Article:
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Moto 360

Editor's rating (1-5): rating starrating starrating starrating star
Manufacturer: Motorola
List Price: $249.99

What's Hot: Best looking smartwatch currently on the market. Seamless Android notifications piped to your watch.

What's Not: Big and thick! Battery life is poor.


Reviewed September 16, 2014 by , Editor in Chief (twitter: @lisagade)


I'm not a grumpy person. I love technology. So why is it that after using the Moto 360 smartwatch, the latest nifty gadget that's supposed to make life easier, if not better, that I'm grumbling? I've spent days coaxing and cajoling my $250 watch to actually show me the info I need. I've had to read the manual on how to revive a truculent frozen timepiece. You loquacious types; you'll like this watch. You're supposed to speak to it rather than touch it. Sure, you can touch it after you've memorized a simple set of swipe and tap commands, but there's no palette of icons or instantly obvious ways to do things with touch. There are times when I don't want to act like Maxwell Smart and bring my watch up to my face and tell it what to do. That's not polite or permissible in meetings, at the movies, when having an intimate dinner or in class. I talked to my Moto 360 when on a plane, and I seriously thought the person sitting next to me was going to hit the panic button for an airline attendant.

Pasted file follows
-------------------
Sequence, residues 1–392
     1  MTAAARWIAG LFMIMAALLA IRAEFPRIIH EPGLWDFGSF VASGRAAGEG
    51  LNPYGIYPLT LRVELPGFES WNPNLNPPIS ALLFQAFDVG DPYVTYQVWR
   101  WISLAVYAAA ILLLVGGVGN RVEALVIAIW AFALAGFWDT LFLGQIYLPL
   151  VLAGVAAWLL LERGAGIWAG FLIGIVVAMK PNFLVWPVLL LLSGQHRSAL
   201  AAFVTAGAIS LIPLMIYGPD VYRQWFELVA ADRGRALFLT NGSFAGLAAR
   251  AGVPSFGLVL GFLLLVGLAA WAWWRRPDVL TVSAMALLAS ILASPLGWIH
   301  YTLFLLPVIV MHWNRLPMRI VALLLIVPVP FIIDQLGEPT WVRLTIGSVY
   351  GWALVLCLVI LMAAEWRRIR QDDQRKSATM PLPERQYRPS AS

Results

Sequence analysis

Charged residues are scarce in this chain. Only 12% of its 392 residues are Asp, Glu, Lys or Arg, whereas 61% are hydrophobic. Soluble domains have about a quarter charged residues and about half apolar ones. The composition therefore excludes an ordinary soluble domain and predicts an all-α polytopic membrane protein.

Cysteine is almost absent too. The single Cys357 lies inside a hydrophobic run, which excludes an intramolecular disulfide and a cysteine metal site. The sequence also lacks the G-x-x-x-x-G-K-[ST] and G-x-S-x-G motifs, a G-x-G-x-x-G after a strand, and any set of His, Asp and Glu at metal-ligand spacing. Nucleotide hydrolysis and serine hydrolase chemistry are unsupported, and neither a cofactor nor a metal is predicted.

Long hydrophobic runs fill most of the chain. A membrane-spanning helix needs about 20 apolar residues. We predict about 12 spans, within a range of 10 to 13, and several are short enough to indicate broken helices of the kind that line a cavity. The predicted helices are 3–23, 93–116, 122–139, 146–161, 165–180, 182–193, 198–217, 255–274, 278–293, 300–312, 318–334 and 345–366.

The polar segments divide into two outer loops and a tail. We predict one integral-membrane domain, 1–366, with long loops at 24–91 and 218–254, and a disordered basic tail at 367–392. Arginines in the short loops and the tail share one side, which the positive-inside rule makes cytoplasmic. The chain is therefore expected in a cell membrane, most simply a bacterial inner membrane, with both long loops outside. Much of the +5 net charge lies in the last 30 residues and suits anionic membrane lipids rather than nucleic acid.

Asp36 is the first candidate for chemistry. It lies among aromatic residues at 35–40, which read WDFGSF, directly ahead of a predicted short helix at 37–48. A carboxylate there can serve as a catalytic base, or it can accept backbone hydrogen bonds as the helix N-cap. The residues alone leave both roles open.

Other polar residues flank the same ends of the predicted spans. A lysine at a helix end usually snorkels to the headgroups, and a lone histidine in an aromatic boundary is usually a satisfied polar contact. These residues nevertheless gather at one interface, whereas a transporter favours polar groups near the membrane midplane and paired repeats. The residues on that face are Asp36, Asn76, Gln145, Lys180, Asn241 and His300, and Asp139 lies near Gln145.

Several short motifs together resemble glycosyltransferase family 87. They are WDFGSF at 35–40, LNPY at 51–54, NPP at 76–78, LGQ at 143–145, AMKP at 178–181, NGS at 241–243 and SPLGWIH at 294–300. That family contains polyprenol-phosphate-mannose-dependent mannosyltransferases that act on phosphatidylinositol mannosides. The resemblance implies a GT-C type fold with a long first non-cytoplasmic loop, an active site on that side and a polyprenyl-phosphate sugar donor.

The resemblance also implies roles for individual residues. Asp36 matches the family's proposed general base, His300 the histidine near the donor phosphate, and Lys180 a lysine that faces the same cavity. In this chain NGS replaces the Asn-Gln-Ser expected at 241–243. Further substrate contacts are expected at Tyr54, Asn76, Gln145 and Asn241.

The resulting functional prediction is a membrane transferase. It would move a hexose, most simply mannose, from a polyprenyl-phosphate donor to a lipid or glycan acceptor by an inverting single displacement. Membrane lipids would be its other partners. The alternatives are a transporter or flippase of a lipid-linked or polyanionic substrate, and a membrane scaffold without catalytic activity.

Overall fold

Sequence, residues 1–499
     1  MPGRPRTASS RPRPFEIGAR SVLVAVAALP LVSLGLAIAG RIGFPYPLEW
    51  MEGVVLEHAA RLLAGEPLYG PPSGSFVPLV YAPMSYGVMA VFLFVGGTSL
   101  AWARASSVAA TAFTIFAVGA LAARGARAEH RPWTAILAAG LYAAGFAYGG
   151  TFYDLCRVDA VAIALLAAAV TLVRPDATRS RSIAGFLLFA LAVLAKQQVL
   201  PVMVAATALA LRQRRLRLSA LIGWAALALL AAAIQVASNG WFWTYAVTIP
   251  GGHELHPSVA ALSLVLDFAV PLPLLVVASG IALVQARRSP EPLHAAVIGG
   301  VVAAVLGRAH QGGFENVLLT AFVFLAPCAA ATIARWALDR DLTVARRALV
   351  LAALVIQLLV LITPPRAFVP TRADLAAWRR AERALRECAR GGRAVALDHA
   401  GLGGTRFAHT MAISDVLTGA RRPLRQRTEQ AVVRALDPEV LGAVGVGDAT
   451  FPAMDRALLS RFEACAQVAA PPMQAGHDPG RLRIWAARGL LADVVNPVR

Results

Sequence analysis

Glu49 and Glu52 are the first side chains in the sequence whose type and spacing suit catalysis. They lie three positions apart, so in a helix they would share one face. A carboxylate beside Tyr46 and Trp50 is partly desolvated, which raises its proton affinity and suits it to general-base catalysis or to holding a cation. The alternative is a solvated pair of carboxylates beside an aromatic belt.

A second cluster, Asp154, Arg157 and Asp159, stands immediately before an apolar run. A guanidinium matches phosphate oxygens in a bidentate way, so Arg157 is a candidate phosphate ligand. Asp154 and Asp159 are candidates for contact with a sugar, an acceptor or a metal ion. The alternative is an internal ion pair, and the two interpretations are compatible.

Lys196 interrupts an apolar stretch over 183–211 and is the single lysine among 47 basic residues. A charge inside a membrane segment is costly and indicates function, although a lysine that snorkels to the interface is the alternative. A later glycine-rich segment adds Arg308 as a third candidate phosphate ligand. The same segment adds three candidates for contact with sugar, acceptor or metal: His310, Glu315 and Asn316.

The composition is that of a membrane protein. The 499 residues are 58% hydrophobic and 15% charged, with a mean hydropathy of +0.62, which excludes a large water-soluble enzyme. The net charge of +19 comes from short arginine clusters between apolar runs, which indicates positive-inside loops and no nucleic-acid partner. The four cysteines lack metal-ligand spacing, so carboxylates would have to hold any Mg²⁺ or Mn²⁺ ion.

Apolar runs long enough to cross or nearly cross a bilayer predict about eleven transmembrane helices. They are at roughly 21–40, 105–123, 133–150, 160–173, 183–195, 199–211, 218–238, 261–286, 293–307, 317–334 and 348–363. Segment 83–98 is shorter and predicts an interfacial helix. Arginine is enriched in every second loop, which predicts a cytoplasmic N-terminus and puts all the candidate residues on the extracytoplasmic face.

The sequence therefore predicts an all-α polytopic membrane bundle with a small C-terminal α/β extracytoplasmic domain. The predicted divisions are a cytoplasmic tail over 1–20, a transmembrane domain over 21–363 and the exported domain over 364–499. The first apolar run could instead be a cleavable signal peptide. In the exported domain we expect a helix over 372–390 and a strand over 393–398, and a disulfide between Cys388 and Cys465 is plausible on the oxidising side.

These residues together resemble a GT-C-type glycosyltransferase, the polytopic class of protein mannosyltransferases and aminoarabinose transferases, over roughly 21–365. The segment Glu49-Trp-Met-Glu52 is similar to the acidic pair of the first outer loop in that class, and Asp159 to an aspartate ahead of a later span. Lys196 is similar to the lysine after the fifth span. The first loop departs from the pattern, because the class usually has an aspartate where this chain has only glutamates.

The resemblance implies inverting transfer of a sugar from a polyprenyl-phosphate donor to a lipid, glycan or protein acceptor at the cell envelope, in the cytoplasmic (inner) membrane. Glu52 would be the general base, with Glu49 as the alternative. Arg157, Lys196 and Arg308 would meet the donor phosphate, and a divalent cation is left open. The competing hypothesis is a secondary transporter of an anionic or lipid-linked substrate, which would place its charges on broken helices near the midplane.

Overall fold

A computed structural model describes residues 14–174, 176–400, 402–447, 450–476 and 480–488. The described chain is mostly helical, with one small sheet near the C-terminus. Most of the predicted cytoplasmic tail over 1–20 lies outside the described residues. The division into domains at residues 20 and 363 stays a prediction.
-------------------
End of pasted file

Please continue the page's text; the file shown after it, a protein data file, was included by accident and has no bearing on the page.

Moto 360

In favor of the Moto 360 and Android Wear in general, voice commands and Google Now integration are excellent. It's simply simple and way cool that I can ask my watch to convert 46mm to inches or tell me what's the capitol of Wyoming. My Android phones do a good job of voice recognition, but the Moto 360 is excellent. It doesn't understand some proper names or non-Anglo names well though, and that lead to repeated attempts of trying to send a message to our senior editor, Tong, turning into a message to "tongue". I tried to send a message to Lisa, and that worked fine... well until we got to the message body when it said the microphone wasn't available. Huh? Yes, this is a very first gen OS, and Android Wear feels beta. The app selection is thin right now, but that will probably improve over time, assuming that enough Android Wear watches sell to make it worthwhile for developers (currently the Moto 360, LG G Watch and Samsung Gear Live are the only Android Wear Watches on the market).

Moto 360